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What’s Safe, What’s Not, If You Host Thanksgiving During COVID-19

November 16, 2020

By Keith Grant, APRN
Senior Director of Infection Prevention
Hartford HealthCare

At this time every year, Thanksgiving planning jumps to the top of our to-do lists. What size turkey? Where to put the children’s table? How to keep politics from spoiling the dinner conversation?

This year, the question has turned from stuffing or mashed potatoes to if and how we can celebrate this most iconic of American holidays in this global pandemic.

As the chief infection prevention officer at Hartford HealthCare and a father of two with a large extended family, I have been wrestling with this question personally and professionally.

Although there is no one right answer, here are some things to consider as we begin our holiday preparations.

Who’s On Your Guest List?

  • Invite only members of your immediate household.
  • If you must include others, invite only people you trust.
  • Remember that the more people gathered, the higher the risk.
  • Encourage quarantining at least 7 to 10 days before the gathering; 14 days is ideal.
  • Ask your guests to consider testing before the quarantine period.

Who’s Not On Your Guest List?

  • Vulnerable older guests with underlying health conditions.
  • Anyone who refuses to wear a mask.

The Risk Factor

  • Lowest risk is a virtual Thanksgiving.
  • Low risk is at home with your immediate household.
  • Moderate risk is outdoors with a few extra guests from outside your immediate household.
  • High risk is inside your home with guests from outside your immediate household.
  • The highest risk is potluck, in which everyone brings a dish.
  • Safer is a meal cooked and served by one person.
  • You should set a table larger large enough to accommodate physical distance when masks are removed for eating.
  • Multiple tables are better. Have one per household.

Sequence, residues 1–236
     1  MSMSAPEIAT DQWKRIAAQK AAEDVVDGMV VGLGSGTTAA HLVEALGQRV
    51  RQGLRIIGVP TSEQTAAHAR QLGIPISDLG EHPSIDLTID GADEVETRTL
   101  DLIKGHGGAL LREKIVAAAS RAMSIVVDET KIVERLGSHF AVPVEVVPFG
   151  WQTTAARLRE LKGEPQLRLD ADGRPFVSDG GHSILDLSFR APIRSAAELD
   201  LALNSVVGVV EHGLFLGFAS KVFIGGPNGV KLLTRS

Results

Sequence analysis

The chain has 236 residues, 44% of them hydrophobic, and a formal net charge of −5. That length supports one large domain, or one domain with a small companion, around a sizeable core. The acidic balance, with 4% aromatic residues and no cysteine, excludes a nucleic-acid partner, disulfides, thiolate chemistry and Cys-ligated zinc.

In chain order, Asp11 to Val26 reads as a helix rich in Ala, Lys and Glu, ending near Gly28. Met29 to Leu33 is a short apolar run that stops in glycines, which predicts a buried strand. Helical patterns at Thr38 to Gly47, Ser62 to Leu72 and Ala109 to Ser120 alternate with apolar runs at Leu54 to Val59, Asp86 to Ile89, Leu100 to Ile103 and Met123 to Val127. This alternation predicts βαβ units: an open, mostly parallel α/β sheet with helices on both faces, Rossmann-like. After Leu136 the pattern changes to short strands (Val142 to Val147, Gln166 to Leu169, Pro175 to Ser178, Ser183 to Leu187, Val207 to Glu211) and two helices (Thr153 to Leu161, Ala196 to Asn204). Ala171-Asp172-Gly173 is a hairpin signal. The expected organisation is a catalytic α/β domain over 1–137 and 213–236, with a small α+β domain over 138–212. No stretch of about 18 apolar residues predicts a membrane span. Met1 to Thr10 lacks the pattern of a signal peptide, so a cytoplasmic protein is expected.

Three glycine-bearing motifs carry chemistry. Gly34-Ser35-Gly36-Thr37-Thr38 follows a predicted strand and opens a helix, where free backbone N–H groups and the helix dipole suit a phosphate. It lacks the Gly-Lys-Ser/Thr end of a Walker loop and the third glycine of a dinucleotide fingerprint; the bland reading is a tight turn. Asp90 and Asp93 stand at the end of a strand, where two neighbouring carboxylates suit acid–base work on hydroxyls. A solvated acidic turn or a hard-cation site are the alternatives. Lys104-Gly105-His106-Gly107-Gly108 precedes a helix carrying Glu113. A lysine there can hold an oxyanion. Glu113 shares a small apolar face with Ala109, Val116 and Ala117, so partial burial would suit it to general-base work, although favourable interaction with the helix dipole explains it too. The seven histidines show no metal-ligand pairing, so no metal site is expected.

• Air travel is the riskiest.
  • Public transportation is moderate to high risk.
  • Traveling in your own car is safest.

If you or a loved one must travel:

  • · Wear a properly fitted mask.
  • · Sanitize surfaces and wash your hands frequently.

Extra Precautions

  • Consider screening your guests at the door for symptoms.
  • If anyone feels ill, even if it seems related to seasonal allergies, asthma, etc., please ask that person to stay home.

There’s no doubt that this will be a holiday season like no other. But nothing for the past eight months has been normal. School has been disrupted, work has been turned upside down, sports have been upended, and even though they’re playing, the Patriots are having a horrible season.

Here’s how I find solace: The sacrifices we make now will help contain the spread of this vicious virus. Vaccines are in the works, and every day, we learn more about how to treat COVID-19 and save lives. Life will go on, and it will once again be as hectic and frenetic as the pre-pandemic days.

So why not take this opportunity to keep our circle tight and find gratitude for the comfort and quiet of home, surrounded by those to whom we are closest?

Keith Grant is senior director of infection prevention at Hartford HealthCare. This story first appeared in The Hartford Courant.